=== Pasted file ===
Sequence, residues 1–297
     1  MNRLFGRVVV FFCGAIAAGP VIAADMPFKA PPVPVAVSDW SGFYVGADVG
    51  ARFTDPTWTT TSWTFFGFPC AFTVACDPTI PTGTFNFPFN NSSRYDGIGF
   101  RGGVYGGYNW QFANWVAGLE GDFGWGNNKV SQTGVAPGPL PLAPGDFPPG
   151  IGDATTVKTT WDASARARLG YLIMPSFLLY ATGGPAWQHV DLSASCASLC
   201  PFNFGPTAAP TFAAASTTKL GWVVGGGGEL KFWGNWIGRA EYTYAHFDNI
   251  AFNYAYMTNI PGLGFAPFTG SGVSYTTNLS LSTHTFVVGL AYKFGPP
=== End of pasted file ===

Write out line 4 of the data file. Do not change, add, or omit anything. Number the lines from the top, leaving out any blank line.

   101  RGGVYGGYNW QFANWVAGLE GDFGWGNNKV SQTGVAPGPL PLAPGDFPPG